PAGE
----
Wednesday, August 20, 2014

The Secret of Friendships that Last

What makes people become friends? And why do some friendships last and others do not?

   An article in  the site Psychology Today gathered some studies that bring good explanations about the topic.
The well practical, main points are listed below:

Conditions to start a friendship

    Besides some basic factors, such as having contact with a person on a regular basis (after all, we have more chances to know someone better and further develop our bond) and having some common interests, these two aspects are important for becoming friends with someone.

1. Willingness to open up  

    According to Beverley Fehr, a researcher at the University of Winnipeg and author of "Friendship Processes" what determines that we move from acquaintances to friends is the willingness to open up and reveal more personal things to each other – and this needs to come from both sides. 

"In the early stages of friendship, this tends to be a gradual process. A person accepts the risk of revealing personal information and 'tests' if the other does the same "she says.

Here, reciprocity is essential for it to work, because it leads to another important condition:

2. Intimacy

According to Fehr's research, people with good friendships involving the same sex have a good understanding of what intimacy involves:
     They know how to open up and express their emotions, know what to say when the friend tells you something and respect the limits - understand, for example, sincerity does not mean talking all that comes to mind, especially with regard to opinions on life and tastes.

Especially because other conditions were pointed out: Acceptance, loyalty and trust. These qualities were considered more important than practical aids such as lending money.

Then, Why do some friendships last and others do not?

Ok, we understand what gives the friendships that initial kick forward. But there is another important factor, discovered by social psychologists Carolyn Weisz and Lisa F. Wood, from University of Puget Sound, in Tacoma, Washington, which is essential to make relationships last:

...The support to our social identity.
   In other words, looking for friends who understand and validate the idea that we have about ourselves and about our role in society or group to which we belong – which can be linked to religion, ethnicity, profession or even participating in some club or subculture.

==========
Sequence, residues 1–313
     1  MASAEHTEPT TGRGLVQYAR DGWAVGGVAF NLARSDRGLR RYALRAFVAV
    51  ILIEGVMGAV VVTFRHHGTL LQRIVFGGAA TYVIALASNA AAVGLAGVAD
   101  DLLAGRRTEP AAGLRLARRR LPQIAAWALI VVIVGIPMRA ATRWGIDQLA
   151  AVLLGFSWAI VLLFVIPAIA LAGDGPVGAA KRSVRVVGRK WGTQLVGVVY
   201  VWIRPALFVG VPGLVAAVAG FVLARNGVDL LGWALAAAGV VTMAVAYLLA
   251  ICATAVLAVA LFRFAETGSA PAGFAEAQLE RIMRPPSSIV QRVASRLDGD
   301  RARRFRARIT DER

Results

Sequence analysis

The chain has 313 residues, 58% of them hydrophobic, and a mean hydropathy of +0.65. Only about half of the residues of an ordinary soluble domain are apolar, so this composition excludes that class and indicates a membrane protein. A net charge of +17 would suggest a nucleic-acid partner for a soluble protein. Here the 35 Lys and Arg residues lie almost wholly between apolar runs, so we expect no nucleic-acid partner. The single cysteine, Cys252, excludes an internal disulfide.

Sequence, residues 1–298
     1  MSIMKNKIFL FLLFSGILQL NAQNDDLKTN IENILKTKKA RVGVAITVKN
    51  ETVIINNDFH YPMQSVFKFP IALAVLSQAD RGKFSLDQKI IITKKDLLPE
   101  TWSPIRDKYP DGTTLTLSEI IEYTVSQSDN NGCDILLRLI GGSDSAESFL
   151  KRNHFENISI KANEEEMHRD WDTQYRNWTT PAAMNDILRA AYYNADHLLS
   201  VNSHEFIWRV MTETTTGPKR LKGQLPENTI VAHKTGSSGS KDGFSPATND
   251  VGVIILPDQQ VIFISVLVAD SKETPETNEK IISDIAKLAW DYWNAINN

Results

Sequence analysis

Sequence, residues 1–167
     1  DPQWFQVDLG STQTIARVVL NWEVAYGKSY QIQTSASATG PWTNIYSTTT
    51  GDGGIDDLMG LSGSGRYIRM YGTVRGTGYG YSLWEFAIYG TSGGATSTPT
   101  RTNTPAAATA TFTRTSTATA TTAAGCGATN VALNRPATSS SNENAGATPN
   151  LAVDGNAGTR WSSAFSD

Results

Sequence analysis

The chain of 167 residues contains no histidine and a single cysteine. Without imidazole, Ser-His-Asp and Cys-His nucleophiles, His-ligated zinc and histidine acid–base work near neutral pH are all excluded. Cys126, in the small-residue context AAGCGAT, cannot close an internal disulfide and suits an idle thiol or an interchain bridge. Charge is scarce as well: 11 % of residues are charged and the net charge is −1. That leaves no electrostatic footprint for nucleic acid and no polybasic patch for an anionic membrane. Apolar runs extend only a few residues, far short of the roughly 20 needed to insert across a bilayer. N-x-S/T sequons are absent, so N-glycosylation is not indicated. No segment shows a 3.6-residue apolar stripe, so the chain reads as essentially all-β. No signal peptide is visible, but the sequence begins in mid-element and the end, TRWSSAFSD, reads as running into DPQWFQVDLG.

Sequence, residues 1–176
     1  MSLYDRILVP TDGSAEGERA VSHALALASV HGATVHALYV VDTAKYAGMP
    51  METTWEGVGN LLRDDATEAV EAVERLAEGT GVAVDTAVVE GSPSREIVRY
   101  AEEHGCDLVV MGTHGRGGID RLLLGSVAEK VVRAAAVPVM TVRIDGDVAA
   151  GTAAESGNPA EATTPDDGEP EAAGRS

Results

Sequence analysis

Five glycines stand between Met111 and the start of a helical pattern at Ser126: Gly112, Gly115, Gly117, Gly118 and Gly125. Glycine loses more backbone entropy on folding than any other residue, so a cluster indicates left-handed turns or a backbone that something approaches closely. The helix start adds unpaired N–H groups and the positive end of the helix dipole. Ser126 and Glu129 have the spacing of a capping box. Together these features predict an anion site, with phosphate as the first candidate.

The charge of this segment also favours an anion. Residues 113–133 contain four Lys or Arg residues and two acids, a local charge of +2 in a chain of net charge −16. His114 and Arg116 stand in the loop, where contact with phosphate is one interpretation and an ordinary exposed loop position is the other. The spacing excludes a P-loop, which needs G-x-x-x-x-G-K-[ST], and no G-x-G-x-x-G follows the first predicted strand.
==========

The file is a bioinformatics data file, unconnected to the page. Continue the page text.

To reach this conclusion, they followed a group of college students for years throughout their graduation, asking them to describe levels of proximity, contact, general support and support for social identity that felt about friends.
The conclusion was that all these factors helped to predict whether the friendship would be maintained or not.

     But a single factor can predict who would be elevated to the position of BEST FRIEND: the person in these cases was part of the same group (fraternity, team, etc.) or at least supported and reaffirmed the role of the friend within that group. 
    A Christian could have a best friend as someone who had different beliefs, as long as this friend would support his identity as a Christian. And, as we have various roles in life, it is more likely that our best friend is on the role that is most important to us, that best represents our identity or part of it.

Why do we chose friends?

     According to the study, it is related to higher levels of intimacy and understanding also involving increased self-esteem.
This sense of identity even influences the behavior of drug addicts. In another study Weisz concluded that people were more likely to get rid of their addictions after three months when they felt that their social roles and sense of identity conflicted with drug use.

"Our social identities are so important to us that we are willing to stay with people who support our social identity and getting away from those who do not. We can even change friends when the former did not support our current view of ourselves ", states an article of Psychology Today. "Conventional wisdom says that we choose friends because of who they are. But it turns out we really love them because of how they support who we are."

How to maintain a friendship

   According to Debra Oswald, a psychologist at Marquette University (Wisconsin, USA), who studied the relationship between volunteers who were in high school and their best friends, there are four basic behaviors needed to maintain this "link" – that are valid to everyone, no matter if you have 15 or 70 years.

   The first two points are fairly explored so far: take the initiative to open up and supporting our friends. The third point is INTERACTION. No matter if your friend is your neighbor or is living on another continent: you need to be in contact with him, either writing, chatting on the phone, visiting. Fortunately, with the internet, physical proximity has little effect on our ability to maintain a friendship or any type of relationship.

    Finally, it is important to be positive. We need to open ourselves to our friends, but that does not mean it's okay to stay whimpering for hours and only see the negative side of everything.
     Of course, part of being a friend is to help during the hassles of our friend's life but, in the end, the intimacy that makes a friendship thrive must be something nice and do good for both sides.

   I really enjoyed writing his article because it really made me understand why I have lost some great friendships, because some of this conditions were not worked enough by me, or by the people who no longer are important to me as friends.

But not everything is lost, some friends are worth it and some friendships can be repaired.

Comment bellow!    


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